Brit killed in shark attack in Sydney fought to protect Great Whites

17 shark attack Paul Cox
Samantha Haynes

By Samantha Haynes

Published: 17/02/2022

- 18:22

Updated: 17/02/2022

- 18:25

Simon Nellist, 35, had previously objected to nets being placed around beaches in the water to keep sharks away

The British expat who was the victim of a shark attack in Sydney, Australia, on Wednesday had previously voiced his objection to protective nets placed around beaches.

The nets are designed to keep sharks away and are placed around beaches in the water.

Although they are not completely effective, they help to reduce the number of sharks that enter the area they protect.

The attack on 35-year-old Simon Nellist was Sydney’s first fatal shark attack in nearly 60 years.

Hi injuries were described as “catastrophic” by New South Wales state Ambulance Inspector Lucky Phrachnanh.

Eyewitnesses believed the shark was about 4.5 metres long, which is around 15 feet.

It is believed 35-year-old Simon Nellist, who has not yet been formally identified by police, was training for a forthcoming charity swim when he was fatally attacked in front of horrified onlookers in Sydney’s Little Bay on Wednesday afternoon.

Friends described Mr Nellist, an experienced diving instructor who was engaged to be married, as someone who “loved the water”.

A search is continuing for the rest of his remains and the white shark believed to be responsible, which left the victim with what medics described as “catastrophic injuries”.

Della Ross, a friend of Mr Nellist, told broadcaster 7News: “Everything that is connected to Simon, to me is connected to the ocean.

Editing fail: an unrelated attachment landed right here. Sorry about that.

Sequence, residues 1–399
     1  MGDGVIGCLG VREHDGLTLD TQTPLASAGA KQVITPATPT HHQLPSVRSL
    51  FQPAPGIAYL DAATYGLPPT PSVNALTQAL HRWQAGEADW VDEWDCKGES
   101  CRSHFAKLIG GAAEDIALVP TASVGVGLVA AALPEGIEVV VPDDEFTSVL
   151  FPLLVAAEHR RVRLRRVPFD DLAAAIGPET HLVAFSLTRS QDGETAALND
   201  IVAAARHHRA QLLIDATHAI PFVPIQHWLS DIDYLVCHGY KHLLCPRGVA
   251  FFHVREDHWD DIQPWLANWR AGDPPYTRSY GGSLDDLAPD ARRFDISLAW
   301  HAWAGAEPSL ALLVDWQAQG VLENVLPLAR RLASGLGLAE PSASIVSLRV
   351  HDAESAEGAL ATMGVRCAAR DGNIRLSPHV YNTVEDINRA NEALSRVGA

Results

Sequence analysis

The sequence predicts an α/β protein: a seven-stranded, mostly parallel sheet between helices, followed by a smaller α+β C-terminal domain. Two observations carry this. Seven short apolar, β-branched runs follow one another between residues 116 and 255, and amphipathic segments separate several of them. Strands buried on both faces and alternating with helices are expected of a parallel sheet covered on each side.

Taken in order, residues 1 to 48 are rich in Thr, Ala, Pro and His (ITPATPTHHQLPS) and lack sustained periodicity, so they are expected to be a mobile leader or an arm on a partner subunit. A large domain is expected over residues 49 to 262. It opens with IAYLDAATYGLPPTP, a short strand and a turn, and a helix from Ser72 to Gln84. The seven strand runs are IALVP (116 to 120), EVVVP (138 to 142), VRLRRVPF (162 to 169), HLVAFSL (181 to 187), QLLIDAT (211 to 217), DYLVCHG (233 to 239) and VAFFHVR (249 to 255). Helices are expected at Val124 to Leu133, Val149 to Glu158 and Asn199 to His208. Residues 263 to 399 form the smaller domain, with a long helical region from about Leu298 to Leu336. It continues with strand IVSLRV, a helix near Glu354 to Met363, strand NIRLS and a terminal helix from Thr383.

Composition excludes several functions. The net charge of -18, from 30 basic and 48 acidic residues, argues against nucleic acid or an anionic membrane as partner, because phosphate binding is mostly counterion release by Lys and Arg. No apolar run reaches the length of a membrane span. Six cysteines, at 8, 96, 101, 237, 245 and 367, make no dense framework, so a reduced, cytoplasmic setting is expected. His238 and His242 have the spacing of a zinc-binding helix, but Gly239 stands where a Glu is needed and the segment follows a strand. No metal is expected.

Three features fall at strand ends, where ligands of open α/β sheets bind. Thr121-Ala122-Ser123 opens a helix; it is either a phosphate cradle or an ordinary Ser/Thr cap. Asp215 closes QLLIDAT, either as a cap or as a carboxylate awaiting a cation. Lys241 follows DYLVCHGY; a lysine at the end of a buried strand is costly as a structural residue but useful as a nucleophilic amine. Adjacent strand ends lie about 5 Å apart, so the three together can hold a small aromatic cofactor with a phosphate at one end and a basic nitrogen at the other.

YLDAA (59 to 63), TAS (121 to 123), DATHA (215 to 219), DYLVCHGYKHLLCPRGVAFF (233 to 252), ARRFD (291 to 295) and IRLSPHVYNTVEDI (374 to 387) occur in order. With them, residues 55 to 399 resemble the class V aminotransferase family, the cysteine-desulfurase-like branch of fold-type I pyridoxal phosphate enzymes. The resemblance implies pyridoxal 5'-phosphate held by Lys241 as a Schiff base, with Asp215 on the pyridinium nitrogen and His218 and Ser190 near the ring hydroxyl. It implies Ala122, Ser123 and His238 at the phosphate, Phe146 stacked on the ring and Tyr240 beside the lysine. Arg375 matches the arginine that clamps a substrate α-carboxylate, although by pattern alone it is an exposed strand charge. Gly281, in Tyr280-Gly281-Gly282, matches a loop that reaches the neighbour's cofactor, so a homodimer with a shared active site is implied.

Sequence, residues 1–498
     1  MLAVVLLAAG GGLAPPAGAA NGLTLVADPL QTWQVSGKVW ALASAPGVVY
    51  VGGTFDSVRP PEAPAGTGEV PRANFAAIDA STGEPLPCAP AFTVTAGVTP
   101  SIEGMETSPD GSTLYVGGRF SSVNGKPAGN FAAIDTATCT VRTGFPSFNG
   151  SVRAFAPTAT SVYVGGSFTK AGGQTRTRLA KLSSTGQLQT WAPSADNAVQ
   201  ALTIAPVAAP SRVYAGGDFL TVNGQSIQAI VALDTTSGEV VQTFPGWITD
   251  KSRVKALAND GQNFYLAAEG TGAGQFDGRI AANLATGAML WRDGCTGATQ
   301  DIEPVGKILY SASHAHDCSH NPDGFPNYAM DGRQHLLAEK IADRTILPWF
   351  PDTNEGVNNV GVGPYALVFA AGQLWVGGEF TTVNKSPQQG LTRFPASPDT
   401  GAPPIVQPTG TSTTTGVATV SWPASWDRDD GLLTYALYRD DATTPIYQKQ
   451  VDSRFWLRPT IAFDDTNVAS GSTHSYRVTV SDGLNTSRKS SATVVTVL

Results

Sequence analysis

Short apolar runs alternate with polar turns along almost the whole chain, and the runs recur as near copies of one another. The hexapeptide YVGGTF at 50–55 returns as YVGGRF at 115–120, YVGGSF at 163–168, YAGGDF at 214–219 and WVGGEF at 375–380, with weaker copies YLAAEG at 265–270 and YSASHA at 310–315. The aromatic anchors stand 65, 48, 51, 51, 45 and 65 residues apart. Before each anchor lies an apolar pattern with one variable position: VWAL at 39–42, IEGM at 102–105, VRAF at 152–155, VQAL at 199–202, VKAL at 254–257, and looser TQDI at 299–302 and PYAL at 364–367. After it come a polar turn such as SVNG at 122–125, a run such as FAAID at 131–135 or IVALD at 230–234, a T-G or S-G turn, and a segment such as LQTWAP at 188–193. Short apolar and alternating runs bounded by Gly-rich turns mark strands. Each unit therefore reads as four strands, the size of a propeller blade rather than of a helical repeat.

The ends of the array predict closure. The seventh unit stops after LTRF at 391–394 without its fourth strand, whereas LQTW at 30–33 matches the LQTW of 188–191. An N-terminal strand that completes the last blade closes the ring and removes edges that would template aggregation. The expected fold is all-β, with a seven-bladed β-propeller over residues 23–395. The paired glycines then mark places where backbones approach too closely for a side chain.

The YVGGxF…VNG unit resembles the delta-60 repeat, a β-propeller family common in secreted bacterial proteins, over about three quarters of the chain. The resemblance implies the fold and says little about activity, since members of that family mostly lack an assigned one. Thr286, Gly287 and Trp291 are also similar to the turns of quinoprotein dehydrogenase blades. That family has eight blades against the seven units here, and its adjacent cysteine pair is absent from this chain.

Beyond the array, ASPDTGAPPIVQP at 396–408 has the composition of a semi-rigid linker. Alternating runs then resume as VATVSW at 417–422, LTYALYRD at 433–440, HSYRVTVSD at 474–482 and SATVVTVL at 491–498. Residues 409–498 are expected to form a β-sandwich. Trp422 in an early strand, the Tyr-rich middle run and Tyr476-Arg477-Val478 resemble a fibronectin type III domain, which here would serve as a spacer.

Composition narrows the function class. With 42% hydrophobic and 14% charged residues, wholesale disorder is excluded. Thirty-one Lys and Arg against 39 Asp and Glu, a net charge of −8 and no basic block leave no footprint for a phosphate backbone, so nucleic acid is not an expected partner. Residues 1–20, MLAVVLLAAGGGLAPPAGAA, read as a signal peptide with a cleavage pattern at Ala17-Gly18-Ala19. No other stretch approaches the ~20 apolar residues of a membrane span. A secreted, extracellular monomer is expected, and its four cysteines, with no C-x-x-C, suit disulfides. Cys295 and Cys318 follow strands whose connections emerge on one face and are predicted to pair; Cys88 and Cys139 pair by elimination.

“The news hit us like a truck because he is really one of the people that makes this Earth better.”

A neighbour living in the Wolli Creek area of Sydney described Mr Nellist as “such a nice guy”.

Emergency services were called to Little Bay at around 4.35pm local time on Wednesday after reports that a swimmer had been attacked by a shark.

Witness Kris Linto said the shark “came and attacked him (the victim) vertically”.

He told Nine News TV: “We heard a yell and then turned around. It looked like a car just landed in the water – big splash.”

Lucky Phrachnanh, from New South Wales state ambulance, said the victim “suffered catastrophic injuries as a result of the attack”, adding there was nothing paramedics could do when they arrived at the scene.

The incident, believed to be the first fatal shark attack in Sydney since 1963, prompted the immediate closure of more than a dozen beaches in the area until Friday.

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